Defining the modern data experience for the next decade

Blog 11th August, 2020

Defining the Next Decade Modern Data Experience Blog Image

The global pandemic has created new challenges including a massive change in the way we work. TIME Magazine calls it the world’s largest work-from-home experiment and for enterprises this has meant a re-prioritisation of IT resources while planning for business recovery. In this commentary for Harbour IT’s RE:IMAGINE, I will outline what a modern data experience will look like for companies in a pandemic world and how they can bring about greater efficiency and performance from a work-from-home employee base.

To be sure, digitalisation was already taking place even before the pandemic. According to IDC, by the year 2022, half of Asia Pacific’s economy will be digitalised. With COVID-19, this prediction will likely be revised with governments and enterprises now accelerating their digitalisation efforts.

Central to this digitalisation migration is data. Organisations are realising the importance of a data-driven approach, which prioritises and transforms data into an agile, seamless resource that is delivered with velocity to produce trusted insights.

Behind the scenes of this big digitalisation migration are three defining trends that have shaped the evolution of storage: simplicity, seamlessness and sustainability. Today, users must deal with increasingly large volumes of data, resulting in the need for an architecture that allows data to be stored and accessed easily over time.

As digital transformation matures, how will organisations manage their data effectively and efficiently to secure a competitive edge in the digital economy?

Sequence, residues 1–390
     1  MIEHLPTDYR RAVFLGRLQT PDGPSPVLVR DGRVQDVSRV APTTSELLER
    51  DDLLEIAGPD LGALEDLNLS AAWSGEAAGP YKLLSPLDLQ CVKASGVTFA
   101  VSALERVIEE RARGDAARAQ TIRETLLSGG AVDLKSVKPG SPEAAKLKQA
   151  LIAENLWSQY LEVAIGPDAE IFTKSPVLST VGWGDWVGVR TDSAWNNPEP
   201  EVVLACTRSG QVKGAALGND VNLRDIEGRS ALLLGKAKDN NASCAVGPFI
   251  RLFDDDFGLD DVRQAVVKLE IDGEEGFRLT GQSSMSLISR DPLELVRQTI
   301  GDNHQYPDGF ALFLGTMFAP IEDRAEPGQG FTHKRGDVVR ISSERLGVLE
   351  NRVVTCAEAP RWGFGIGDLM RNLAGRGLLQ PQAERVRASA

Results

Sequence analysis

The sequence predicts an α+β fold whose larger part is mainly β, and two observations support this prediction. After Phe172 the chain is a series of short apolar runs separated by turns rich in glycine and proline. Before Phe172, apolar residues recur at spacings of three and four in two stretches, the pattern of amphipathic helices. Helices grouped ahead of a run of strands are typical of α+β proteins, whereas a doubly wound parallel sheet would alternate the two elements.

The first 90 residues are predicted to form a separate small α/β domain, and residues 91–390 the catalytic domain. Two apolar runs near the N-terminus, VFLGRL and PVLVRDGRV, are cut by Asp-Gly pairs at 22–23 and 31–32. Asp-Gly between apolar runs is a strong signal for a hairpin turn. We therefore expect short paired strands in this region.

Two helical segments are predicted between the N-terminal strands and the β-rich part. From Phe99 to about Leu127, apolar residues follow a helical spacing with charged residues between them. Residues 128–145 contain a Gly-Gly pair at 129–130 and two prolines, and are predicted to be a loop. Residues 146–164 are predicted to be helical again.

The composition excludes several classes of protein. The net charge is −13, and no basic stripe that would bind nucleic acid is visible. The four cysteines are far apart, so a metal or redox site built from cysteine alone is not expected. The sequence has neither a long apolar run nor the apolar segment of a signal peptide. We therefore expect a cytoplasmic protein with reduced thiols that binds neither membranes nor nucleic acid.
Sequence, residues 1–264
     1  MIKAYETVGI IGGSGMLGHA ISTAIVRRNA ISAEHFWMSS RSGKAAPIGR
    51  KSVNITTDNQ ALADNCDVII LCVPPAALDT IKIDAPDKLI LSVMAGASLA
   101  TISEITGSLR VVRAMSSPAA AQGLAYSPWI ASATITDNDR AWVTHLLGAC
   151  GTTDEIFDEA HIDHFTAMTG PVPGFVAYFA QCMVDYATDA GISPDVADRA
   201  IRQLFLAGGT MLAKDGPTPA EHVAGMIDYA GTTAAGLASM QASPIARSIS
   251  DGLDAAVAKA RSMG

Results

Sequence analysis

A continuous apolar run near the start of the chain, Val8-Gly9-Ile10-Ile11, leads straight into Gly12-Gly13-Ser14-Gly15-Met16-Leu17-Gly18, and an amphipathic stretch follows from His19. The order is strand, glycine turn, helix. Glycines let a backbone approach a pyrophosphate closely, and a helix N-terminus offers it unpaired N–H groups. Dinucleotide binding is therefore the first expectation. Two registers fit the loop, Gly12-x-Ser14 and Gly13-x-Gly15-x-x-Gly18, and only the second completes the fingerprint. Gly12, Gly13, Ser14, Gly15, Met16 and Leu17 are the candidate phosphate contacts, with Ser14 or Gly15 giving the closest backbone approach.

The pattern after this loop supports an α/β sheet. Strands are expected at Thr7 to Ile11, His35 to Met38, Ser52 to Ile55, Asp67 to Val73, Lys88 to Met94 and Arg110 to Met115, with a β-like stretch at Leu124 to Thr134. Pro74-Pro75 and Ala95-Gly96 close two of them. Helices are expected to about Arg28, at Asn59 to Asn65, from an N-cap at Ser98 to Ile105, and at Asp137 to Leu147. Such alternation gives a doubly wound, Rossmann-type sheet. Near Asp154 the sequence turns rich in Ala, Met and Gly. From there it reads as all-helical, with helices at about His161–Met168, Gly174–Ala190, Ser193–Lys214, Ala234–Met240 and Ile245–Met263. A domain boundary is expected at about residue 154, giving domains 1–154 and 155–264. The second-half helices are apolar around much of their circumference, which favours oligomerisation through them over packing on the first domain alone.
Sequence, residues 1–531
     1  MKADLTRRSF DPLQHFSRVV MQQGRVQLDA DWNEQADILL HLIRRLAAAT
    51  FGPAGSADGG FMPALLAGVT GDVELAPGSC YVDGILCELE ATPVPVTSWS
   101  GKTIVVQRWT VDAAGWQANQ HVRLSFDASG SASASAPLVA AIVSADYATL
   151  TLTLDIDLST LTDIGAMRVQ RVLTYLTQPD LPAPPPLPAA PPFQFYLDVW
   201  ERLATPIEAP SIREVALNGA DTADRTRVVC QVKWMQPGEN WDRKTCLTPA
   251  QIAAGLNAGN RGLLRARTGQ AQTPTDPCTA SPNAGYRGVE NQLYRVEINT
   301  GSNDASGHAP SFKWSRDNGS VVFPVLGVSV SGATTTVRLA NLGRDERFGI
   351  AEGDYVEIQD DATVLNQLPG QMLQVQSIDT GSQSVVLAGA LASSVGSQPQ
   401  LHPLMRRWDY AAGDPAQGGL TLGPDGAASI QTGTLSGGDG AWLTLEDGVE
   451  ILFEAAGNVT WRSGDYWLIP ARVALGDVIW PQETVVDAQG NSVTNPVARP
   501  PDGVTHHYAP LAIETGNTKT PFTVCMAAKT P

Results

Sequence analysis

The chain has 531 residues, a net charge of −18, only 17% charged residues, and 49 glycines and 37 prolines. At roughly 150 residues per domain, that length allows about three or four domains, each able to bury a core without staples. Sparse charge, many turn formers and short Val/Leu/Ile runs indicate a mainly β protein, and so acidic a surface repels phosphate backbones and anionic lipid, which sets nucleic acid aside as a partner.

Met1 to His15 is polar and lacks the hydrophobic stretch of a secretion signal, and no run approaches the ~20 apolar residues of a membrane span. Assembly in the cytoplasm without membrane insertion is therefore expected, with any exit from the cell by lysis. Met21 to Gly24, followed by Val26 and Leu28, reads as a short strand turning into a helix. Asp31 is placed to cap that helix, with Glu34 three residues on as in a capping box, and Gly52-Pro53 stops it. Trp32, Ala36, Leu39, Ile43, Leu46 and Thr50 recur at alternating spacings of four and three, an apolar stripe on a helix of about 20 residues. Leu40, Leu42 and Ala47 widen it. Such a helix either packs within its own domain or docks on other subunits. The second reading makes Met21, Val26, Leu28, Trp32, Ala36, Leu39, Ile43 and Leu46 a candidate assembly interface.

Several trends will emerge that will define the modern data experience. These include the swing to operating expenditure (OpEx) models; the emergence of fast, object storage; the rising adoption of containers in mainstream applications; and greater automation through modern analytics.

Demand for Storage-as-a-Service will increase

As-a-Service models may have existed since the beginning of public cloud, but we are seeing rising demand in response to the adoption of hybrid cloud.

For most storage consumers, hybrid cloud is the reality and the future. In a whitepaper by 451 Research, more than 90% of businesses in APAC have multiple cloud environments with varying degrees of interoperability, of which more than half are already on hybrid cloud. This is because hybrid cloud allows organisations to combine the best of both worlds – enterprise capabilities and control from on-premise infrastructure, together with simplicity and automation in the cloud.

Investments in subscription-based, Operating Expenditure (Opex) models will increase. Organisations will have to balance the operations and purchasing aspects to deliver a non-disruptive, evergreen experience that can scale as needed. This protects investments in the technology architecture for at least ten years, eliminating the need to change the infrastructure every three to four years, or do arduous data migrations.